|Once again, Ed Wood finds inspiration in the gutter.|
NOTE: This article continues my coverage of Angora Fever: The Collected Short Stories of Edward D. Wood, Jr. (BearManor Bare, 2019).
|Prowling the lonely streets.|
Synopsis: Sandra is a battle-hardened prostitute who walks the streets of an unnamed city filled with porno theaters and strip clubs. She flashes back to a traumatic incident two years ago, when she was left almost naked on the street by a client and then raped by a "scabby" man with syphilis. Now, she stalks the alleys of the city with a four-inch blade, waiting for bums to approach her so she can exact some revenge. One does, and Sandra quickly cuts off his penis and slashes his throat. She has obviously done this before and just as obviously plans to do so again.
Wood trademarks: Alleys (cf. "Hitchhike to Hell"); prostitutes (cf. Orgy of the Dead, "The Whorehouse Horror," "Private Girl"); maggots (cf. "Hitchhike to Hell"); bums (cf. "To Kill a Saturday Night"); blades and slashing (cf. "The Gory Details," "Hitchhike to Hell"); angora sweaters (cf. "Hellfire," "Taking Off," many other stories).
Excerpt: "As she had always done before, she snapped forward and the four inch blade came free into her hand and in the same instant she spun around and what the creep from the shadows was holding in his hand came off from his lower quarters and was held like a bleeding, dead worm in his hand. But that was all he was permitted to see. "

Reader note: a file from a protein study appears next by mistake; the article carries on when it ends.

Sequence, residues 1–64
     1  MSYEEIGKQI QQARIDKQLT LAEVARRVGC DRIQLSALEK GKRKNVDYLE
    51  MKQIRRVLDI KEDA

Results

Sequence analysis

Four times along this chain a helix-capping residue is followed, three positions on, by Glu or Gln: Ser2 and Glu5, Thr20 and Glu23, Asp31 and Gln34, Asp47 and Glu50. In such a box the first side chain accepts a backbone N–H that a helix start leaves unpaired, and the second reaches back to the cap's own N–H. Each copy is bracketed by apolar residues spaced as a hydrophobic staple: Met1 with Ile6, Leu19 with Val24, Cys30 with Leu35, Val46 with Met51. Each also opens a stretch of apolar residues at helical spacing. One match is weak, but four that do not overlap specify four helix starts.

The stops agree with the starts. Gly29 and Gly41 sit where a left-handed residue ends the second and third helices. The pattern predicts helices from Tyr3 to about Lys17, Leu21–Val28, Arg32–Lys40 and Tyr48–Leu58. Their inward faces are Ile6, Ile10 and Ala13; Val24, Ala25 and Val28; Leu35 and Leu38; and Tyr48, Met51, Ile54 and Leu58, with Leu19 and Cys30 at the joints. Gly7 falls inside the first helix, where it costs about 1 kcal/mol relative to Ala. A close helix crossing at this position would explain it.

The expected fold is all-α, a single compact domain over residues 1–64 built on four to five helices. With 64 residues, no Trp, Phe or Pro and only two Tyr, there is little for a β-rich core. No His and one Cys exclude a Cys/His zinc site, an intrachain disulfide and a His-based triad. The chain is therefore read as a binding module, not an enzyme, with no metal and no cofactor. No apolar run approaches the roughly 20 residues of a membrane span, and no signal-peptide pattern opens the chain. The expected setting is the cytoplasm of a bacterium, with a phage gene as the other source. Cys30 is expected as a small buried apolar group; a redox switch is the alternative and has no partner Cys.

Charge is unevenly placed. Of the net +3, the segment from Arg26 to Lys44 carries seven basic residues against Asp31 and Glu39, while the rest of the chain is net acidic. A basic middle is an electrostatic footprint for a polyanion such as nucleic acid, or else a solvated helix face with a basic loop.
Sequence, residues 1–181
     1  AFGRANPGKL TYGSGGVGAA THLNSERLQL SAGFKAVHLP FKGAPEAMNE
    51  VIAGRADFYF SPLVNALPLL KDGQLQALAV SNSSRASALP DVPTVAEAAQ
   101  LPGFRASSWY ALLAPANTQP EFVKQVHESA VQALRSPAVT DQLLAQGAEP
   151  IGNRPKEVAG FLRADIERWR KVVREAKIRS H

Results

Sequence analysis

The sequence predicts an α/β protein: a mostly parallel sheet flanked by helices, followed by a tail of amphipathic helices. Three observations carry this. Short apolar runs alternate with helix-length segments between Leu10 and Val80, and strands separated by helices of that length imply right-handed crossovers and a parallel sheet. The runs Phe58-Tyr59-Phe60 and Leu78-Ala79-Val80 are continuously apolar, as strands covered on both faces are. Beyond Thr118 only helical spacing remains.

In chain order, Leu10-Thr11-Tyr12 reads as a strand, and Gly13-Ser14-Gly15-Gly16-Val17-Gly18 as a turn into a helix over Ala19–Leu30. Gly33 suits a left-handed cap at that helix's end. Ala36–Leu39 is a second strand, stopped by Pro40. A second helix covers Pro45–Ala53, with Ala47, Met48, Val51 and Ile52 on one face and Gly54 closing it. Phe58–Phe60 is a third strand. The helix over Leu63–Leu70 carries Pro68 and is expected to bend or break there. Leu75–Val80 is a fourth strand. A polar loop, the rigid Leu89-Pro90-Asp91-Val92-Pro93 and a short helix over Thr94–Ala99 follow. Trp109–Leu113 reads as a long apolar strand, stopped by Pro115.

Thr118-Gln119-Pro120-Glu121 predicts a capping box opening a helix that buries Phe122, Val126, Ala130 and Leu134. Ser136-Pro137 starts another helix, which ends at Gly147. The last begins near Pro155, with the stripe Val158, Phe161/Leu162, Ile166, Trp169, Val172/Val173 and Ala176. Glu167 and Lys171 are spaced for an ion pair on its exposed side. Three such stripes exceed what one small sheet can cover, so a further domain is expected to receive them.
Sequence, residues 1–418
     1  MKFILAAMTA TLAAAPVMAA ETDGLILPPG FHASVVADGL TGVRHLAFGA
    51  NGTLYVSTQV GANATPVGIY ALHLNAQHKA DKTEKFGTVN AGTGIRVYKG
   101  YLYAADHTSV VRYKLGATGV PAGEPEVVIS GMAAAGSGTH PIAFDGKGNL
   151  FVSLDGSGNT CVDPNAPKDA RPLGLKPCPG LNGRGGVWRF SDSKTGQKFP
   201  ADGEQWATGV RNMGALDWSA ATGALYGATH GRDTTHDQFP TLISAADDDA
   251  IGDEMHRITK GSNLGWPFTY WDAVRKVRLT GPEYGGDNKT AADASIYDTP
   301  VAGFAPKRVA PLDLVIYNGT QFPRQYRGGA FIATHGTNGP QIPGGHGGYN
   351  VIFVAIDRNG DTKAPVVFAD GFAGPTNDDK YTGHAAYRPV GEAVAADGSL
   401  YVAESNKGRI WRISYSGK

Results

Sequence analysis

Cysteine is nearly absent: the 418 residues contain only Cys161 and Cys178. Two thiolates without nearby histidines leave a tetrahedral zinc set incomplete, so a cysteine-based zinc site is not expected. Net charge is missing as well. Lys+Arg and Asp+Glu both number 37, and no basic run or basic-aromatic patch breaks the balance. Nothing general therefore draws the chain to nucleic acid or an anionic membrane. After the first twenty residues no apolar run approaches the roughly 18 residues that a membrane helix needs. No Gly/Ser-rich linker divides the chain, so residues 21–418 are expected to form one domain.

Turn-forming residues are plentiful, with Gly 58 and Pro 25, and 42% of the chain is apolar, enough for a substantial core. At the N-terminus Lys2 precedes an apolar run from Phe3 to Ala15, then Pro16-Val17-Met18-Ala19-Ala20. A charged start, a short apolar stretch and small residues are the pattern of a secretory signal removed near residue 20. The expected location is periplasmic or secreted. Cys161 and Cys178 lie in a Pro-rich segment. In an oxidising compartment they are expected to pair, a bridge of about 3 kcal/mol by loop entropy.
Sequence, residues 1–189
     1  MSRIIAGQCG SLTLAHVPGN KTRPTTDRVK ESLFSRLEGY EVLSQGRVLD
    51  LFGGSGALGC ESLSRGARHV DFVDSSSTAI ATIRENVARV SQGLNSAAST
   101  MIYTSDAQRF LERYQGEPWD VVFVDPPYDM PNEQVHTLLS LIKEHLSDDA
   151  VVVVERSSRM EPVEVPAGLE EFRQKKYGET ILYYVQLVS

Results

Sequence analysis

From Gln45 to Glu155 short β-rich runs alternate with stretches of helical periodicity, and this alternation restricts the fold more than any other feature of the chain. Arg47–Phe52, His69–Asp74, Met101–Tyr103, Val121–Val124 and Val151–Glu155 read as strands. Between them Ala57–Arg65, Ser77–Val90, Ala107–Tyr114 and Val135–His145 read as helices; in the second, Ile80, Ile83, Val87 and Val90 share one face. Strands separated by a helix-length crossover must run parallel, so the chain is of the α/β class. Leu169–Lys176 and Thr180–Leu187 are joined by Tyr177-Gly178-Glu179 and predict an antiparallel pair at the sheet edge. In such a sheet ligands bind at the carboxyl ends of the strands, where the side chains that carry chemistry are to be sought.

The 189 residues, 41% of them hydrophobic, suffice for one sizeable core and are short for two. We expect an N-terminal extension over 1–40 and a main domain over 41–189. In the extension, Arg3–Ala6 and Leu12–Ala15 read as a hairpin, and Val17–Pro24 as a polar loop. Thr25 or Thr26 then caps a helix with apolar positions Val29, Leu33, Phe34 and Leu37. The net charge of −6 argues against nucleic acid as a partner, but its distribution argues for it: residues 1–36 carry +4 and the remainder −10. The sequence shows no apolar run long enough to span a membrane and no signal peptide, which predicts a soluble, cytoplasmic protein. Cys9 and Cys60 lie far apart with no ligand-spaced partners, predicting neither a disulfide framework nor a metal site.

Reflections: If Ed Wood has a particular specialty as a short story writer, it's his ability to convey the mindset of his characters, especially those who are consumed with fear, rage, paranoia, madness, or some combination of those emotions. Some of the stories from Blood Splatters Quickly were written in the first person ("I, Warlock"), but even when his stories are in the third person, Wood makes sure to describe the innermost thoughts and feelings of his main characters. In "Gore in the Alley," for instance, we really get to know Sandra. Whatever we may think of her actions, we understand what motivates and guides her. In story after story, Wood is able to channel violent psychopaths with almost chilling ease.
This aspect of Ed's writing is something rarely seen in his movies. There aren't too many introspective character studies in his film scripts, with the possible exceptions of Glen (played by Wood himself) in Glen or Glenda (1953) and Peggy (Angela Carnon) in Drop Out Wife (1972). It's significant that both of these characters get to narrate parts of their respective movies. With Glen, we're not only treated to his internal monologue, we also get a glimpse at his dreams. The same can't be said of, for instance, Bob (William Bates) in Orgy of the Dead (1965) or Jeff (Gregory Walcott) in Plan 9 from Outer Space. In The Sinister Urge (1960), Dirk (Dino Fantini) is a mad slasher with a psychosexual bent, but we never really get into his headspace.
One wonders, incidentally, if any readers were actually aroused by Ed Wood's erotic stories. This one appeared in a volume called Horror Sex Tales, and we're given a few sexually explicit passages about Sandra's sessions with clients, as well as numerous updates on the condition of her pubic hair. Was this anyone's idea of a hot read?
Next: "The Hazards of the Game" (1972)